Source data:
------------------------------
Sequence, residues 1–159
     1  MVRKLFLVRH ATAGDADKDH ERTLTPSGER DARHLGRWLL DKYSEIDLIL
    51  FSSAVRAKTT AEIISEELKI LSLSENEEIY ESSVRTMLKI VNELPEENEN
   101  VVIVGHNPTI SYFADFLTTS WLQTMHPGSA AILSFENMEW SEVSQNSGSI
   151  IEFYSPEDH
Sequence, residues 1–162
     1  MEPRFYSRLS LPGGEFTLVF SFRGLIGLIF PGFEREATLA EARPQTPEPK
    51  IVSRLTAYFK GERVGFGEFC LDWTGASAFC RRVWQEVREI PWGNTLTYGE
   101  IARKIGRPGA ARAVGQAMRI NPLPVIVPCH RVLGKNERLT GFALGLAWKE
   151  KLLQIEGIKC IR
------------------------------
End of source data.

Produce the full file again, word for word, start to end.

Sequence, residues 1–159
     1  MVRKLFLVRH ATAGDADKDH ERTLTPSGER DARHLGRWLL DKYSEIDLIL
    51  FSSAVRAKTT AEIISEELKI LSLSENEEIY ESSVRTMLKI VNELPEENEN
   101  VVIVGHNPTI SYFADFLTTS WLQTMHPGSA AILSFENMEW SEVSQNSGSI
   151  IEFYSPEDH
Sequence, residues 1–162
     1  MEPRFYSRLS LPGGEFTLVF SFRGLIGLIF PGFEREATLA EARPQTPEPK
    51  IVSRLTAYFK GERVGFGEFC LDWTGASAFC RRVWQEVREI PWGNTLTYGE
   101  IARKIGRPGA ARAVGQAMRI NPLPVIVPCH RVLGKNERLT GFALGLAWKE
   151  KLLQIEGIKC IR